U.S. and Mexico Reach Agreement on Sugar Dispute

June 5, 2017  |  No Comments  |  by Nicole àBeckett  |  Blog

U.S. and Mexico have reached an agreement in the dispute over sugar trade today, according to sources (Reuters). The agreement will prevent a trade war in which the U.S. would have imposed steep tariffs on Mexican sugar imports and Mexico would have responded with equal tariffs on U.S. high-fructose corn syrup.

Details of the agreement are not yet public, but sources indicate the deal was made to benefit both countries. According to the Juan Cortina Gallardo, the president of Mexico’s sugar chamber, the managing of the sugar agreement will set a precedent for how further negotiations will play out (The New York Times). Since NAFTA was first negotiated in the early 1990s, the sugar industry has been the most contentious issue in U.S.-Mexico trade relations.

The current agreement will modify a 2014 agreement in which quotas and a price floor on Mexican sugar acted as an alternative solution to antidumping and antisubsidy duties. U.S. sugar companies had argued that the agreement was not doing enough to counter “unfairly subsidized” Mexican sugar companies, who could sell sugar in the U.S. at a price domestic companies could not compete with.

Stay up to date with the details of the agreement and other international trade news by following Mercatura Global on Twitter.

Will New Tariffs on Canadian Softwood Lumber Cause U.S.-Canada Trade War?

April 26, 2017  |  No Comments  |  by Nicole àBeckett  |  Blog

On Monday, U.S. President Donald Trump announced an increase in tariffs from 3% to 24% on softwood lumber imports from Canada. Most lumber companies in Canada are state-owned and subsidized by the Canadian government, and the U.S.-Canada dispute over softwood lumber is decades old (The New York Times). American mills recently filed a complaint, and the U.S. Commerce department responded by imposing a tariff equivalent to the subsidy amount (24%) on five Canadian companies. For all other Canadian lumber companies, the tariff rate was set at 20%.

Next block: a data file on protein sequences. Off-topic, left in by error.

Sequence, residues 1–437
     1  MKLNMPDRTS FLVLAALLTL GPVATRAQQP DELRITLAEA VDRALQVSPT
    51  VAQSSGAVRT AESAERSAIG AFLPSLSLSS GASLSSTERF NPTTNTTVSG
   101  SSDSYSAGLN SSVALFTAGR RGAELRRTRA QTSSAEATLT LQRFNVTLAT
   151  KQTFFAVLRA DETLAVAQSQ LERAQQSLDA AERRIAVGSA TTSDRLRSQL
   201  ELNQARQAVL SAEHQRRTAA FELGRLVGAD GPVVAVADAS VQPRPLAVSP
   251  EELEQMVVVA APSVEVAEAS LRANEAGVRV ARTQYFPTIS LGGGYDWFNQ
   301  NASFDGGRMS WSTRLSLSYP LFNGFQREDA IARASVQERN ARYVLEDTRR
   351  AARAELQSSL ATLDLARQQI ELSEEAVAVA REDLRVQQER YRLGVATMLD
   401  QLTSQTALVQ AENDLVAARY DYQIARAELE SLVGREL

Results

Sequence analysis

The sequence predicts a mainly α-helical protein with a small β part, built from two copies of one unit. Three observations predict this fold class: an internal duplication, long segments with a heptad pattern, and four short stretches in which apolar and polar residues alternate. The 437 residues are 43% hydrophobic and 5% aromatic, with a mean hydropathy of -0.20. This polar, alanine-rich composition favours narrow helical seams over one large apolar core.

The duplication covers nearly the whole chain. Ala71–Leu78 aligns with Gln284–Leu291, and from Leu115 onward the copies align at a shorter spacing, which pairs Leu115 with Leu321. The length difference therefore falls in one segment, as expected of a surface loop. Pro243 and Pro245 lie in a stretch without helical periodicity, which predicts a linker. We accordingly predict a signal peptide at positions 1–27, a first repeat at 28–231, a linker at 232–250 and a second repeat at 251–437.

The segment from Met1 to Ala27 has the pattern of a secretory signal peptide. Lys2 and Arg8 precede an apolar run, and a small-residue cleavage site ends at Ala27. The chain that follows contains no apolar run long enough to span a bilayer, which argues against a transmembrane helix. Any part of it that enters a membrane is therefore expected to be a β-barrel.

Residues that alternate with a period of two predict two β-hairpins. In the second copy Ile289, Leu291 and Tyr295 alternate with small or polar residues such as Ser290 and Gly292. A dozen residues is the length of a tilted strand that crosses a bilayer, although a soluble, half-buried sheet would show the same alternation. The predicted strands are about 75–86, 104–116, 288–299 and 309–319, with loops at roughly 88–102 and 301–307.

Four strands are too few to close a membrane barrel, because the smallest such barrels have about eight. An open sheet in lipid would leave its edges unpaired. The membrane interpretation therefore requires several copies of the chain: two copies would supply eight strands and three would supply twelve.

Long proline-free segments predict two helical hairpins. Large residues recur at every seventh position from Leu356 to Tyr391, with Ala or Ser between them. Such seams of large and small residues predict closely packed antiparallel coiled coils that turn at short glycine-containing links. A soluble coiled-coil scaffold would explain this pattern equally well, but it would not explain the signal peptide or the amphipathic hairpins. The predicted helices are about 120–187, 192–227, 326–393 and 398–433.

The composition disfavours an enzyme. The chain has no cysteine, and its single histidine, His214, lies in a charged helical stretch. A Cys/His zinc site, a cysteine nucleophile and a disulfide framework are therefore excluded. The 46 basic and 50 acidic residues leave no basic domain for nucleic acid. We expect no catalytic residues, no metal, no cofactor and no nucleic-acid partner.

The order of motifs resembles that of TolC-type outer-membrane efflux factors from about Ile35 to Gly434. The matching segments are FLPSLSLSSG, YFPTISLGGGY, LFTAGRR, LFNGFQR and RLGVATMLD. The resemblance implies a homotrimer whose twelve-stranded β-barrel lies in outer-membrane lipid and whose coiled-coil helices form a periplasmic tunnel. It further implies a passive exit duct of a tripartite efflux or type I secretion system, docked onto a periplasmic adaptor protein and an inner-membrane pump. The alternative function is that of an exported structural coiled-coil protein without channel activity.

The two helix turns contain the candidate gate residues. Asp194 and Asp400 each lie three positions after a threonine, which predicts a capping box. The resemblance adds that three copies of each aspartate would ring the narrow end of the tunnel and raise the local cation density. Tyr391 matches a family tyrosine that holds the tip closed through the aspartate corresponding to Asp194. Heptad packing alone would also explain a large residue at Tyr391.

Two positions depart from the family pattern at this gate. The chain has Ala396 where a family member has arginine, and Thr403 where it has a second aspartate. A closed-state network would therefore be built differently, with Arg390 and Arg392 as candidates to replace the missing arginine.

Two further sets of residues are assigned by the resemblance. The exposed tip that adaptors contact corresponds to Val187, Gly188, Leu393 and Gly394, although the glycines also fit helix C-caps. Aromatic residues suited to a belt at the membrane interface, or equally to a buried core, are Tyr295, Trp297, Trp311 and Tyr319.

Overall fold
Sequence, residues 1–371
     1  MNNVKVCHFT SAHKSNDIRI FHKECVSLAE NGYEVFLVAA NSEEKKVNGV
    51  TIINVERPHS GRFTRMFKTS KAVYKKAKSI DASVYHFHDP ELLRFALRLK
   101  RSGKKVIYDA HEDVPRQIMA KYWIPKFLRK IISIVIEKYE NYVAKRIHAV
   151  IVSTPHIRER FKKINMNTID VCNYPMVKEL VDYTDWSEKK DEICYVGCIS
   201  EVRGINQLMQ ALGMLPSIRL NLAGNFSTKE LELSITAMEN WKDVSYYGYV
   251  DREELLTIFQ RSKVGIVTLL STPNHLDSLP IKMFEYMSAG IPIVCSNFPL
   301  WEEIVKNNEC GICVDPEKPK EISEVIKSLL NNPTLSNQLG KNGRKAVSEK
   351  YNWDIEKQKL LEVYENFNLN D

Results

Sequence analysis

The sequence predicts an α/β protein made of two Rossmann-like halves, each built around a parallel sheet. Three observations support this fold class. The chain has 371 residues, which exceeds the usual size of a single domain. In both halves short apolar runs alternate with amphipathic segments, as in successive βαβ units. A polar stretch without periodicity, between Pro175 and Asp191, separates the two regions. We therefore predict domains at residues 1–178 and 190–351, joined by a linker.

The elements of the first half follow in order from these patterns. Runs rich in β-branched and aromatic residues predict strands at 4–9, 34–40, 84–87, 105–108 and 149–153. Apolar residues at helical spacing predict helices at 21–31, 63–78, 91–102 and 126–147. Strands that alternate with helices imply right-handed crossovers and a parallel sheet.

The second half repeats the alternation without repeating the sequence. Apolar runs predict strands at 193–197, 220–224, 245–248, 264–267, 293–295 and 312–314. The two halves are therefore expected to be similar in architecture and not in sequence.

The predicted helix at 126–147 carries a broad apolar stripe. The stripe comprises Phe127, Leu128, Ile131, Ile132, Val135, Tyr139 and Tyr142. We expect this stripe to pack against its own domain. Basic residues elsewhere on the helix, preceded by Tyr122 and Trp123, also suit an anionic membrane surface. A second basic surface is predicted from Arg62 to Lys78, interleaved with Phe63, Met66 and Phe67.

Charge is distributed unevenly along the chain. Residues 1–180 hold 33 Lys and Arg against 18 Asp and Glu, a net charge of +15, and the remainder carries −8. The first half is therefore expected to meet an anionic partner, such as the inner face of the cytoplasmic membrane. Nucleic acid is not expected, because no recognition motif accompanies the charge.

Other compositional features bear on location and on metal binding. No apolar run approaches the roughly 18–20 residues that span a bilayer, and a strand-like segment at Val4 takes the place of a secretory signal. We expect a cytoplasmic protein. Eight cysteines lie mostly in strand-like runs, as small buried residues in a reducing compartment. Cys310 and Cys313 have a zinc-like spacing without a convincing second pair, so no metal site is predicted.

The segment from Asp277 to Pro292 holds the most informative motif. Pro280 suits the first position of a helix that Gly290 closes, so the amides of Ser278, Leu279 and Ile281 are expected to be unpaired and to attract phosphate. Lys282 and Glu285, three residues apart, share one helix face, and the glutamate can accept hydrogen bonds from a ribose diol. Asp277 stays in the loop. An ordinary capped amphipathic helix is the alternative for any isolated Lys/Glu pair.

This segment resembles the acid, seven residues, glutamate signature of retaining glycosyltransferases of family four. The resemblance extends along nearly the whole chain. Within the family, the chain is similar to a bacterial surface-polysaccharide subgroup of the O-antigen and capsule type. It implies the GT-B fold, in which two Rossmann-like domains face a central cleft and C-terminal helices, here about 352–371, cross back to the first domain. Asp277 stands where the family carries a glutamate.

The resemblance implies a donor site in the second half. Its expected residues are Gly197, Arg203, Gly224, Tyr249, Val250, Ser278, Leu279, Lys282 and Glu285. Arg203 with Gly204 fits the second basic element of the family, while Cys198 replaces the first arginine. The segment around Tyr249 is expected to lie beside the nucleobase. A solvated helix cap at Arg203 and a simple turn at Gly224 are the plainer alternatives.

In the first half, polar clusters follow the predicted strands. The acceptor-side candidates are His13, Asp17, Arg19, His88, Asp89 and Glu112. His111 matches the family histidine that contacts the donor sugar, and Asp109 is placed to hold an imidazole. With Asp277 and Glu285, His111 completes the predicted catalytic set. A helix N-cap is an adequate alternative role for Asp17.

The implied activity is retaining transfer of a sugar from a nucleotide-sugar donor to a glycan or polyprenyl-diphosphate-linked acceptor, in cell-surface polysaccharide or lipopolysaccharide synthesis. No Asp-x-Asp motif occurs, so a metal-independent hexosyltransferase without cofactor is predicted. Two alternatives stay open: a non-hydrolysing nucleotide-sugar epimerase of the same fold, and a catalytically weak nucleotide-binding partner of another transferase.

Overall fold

According to the Wall Street Journal, Commerce Secretary Wilbur Ross claimed it had been a “bad week for U.S.-Canada trade relations.” This statement also reflects President Trump’s complaints about Canada’s system of protections on its dairy industry, leading to unfair treatment of American dairy farm workers.

Both softwood lumber and the dairy industry were left out of the initial North American Free Trade Agreement in 1994, so it is easy for the U.S. to bring up the issues without formal negotiations (Reuters).

In Canada, the country is considering some sort of aid package to the companies that will be hit by the tariff (Bloomberg). In Quebec, 60,000 people work in the forest-products industry, and the province is putting in place a program of loan and loan guarantees that is expected to be worth 300 million Canadian dollars.

In the past, disputes around the softwood lumber industry were always won be Canada. However, if it becomes a legal fight, it is likely that the process will take a few years to be settled. Stay up to date with current U.S.-Canada trade relations by following Mercatura Global on Twitter.

Amendments of Cuba Sanction Regulations to Ease Trade

October 25, 2016  |  No Comments  |  by Nicole àBeckett  |  Blog